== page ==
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    • Alan Longmire

      IMPORTANT Registration rules   02/12/2017

      Use your real name or you will NOT get in.  No aliases or nicknames, no numerals in your name. Do not use the words knives, blades, swords, forge, smith (unless that is your name of course) etc. We are all bladesmiths and knifemakers here.  If you feel you need an exception or are having difficulty registering, send a personal email to the forum registrar here.  

R.W. Deavers

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R.W. Deavers last won the day on July 14

R.W. Deavers had the most liked content!

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About R.W. Deavers

  • Birthday 02/23/1974

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    Roscoe, PA

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  1. Believe it or not, I've done some grinding on it, and the motor never even hiccuped. Even with an 80G belt, as soon as the steel touches the belt, the machine just eats it.
  2. Over the course of a little over a year, I have gone through two bench-top 4 x 36 sanders. I finally had enough and decided an upgrade was in order, and rather quickly (our annual community yard sale is next weekend). So, I got together with a good friend of mine and we worked out some details and he started the build (he had the motor and most of the frame steel). When the machine got to my shop, I had some work to do to get it in running shape. I must say, this machine works better than either I or my friend could imagine. I'm going to try to list what was used: The drive motor is a 1750 RPM 110V furnace blower motor (1/4 HP) and the drive wheel is from a junked push-type snow blower, the two large rollers are old steel casters with rubber tires and grease fittings, the main frame rail is a piece of 6" wide 'C' channel welded to a 3/8" thick vertical plate with two pieces of 2 x 4 rectangular tubing as feet, The power cord is from an old burned up angle grinder, The pedestal and rocker arm for the tensioner is made from scrap pieces of steel with the spring from a junked futon bed. The only out-of-pocket expense was the set of skateboard wheels and bearing for the tensioner roller.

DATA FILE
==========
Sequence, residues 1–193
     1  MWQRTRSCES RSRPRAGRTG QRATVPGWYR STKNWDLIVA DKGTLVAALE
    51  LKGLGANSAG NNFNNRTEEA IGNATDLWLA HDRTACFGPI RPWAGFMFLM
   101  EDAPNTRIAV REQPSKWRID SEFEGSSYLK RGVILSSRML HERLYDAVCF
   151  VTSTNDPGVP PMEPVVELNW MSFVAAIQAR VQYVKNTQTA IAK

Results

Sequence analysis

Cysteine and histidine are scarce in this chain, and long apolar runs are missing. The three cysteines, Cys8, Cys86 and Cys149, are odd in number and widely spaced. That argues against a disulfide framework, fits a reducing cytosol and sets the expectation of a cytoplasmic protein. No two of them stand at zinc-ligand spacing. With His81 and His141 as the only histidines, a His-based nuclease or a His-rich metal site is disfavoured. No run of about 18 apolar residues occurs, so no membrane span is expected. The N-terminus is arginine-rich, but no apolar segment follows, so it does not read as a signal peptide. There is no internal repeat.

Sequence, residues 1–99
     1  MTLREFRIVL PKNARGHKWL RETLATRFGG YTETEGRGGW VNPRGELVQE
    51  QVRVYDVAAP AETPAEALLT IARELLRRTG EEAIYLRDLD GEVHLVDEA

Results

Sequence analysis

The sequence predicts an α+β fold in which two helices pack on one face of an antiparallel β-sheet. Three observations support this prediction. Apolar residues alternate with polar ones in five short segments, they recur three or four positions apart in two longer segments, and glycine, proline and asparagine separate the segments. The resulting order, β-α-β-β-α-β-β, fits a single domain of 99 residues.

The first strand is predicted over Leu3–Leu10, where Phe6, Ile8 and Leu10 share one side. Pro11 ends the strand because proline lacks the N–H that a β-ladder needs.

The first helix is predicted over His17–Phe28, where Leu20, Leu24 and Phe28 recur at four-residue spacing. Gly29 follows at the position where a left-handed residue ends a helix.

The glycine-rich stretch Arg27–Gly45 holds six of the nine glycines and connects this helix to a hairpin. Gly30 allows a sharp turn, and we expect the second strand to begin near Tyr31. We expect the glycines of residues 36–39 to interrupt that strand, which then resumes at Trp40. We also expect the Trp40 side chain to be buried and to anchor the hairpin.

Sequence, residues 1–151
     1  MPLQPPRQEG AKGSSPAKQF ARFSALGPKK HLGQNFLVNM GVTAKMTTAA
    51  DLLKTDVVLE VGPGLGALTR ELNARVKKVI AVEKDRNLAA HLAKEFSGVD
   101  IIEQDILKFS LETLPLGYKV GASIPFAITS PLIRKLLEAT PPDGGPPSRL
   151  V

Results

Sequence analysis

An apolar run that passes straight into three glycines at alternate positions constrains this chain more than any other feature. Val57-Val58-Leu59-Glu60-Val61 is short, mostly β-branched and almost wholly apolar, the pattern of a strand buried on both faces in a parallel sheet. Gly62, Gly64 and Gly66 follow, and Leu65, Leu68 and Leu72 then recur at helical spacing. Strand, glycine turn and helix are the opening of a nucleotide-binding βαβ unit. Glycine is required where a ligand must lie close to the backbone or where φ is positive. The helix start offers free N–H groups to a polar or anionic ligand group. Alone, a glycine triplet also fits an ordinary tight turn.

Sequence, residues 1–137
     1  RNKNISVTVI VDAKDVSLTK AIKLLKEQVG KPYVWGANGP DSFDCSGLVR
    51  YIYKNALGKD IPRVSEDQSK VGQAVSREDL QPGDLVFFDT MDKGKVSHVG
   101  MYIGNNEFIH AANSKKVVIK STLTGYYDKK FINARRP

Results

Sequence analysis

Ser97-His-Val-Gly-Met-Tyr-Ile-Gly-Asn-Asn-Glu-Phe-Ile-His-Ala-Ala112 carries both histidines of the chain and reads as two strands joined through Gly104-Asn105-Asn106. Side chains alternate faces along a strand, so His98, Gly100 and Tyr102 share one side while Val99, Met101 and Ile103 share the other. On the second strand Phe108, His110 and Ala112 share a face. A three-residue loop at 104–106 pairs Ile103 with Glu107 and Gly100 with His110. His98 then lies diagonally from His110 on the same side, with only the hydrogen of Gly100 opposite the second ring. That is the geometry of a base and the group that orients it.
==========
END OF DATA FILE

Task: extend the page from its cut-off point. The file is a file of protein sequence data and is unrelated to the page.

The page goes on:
3. Thank you Chris.
  4. Oh yeah, the education I received from this project was well worth the time. Mind you, all of the hammering was done with my three pound hammer.
  5. Thank you Alan, and thank you for your advice on this project, I greatly appreciate it.
  6. Thank you JJ.
  7. From the album Current and past projects

    This rapier was hand forged from recycled materials. The blade was forged from a leaf spring, the basket hilt was forged from railroad spikes then MIG welded, the maple for the handle came from an old buthcer's block, and the pommel was a piece of large diameter bolt.
  8. Finally, after logging in 87 hours plus, the rapier is finally finished. The maple handle has a spiral braided silver wire wrap and the pommel nut was shaped from a scrap piece of railroad spike left over from the basket work. Every project has new learning experiences and this one is the prime example of that. I sincerely want to thank everyone for the advice during this project.
  9. Thank you, and yes I am. The only real issue is going to be the cleanup, but it'll get done.
  10. I did some more work on the basket this morning. So far, it's coming along pretty well.
  11. Absolutely beautiful work! And thank you for posting this as it inspires me to do some ornamental work on my current rapier project.
  12. Today, I got the 'D' guard forged out and fitted, so now, I have a good foundation for the rest of the basket work.
  13. Thanks. Getting there. Once I get all the basic stuff done, then the details start.
  14. And more progress today. I got the pommel shaped and fitted. Tomorrow, I get to continue on the basket work. I needed the pommel so I could index the 'D' guard scroll end. Now, the balance is right about where the blade bevels meet.
  15. I have a good foundation for the basket now. I also got a jump start on the handle as well. The wood for the handle came from an old butcher's block.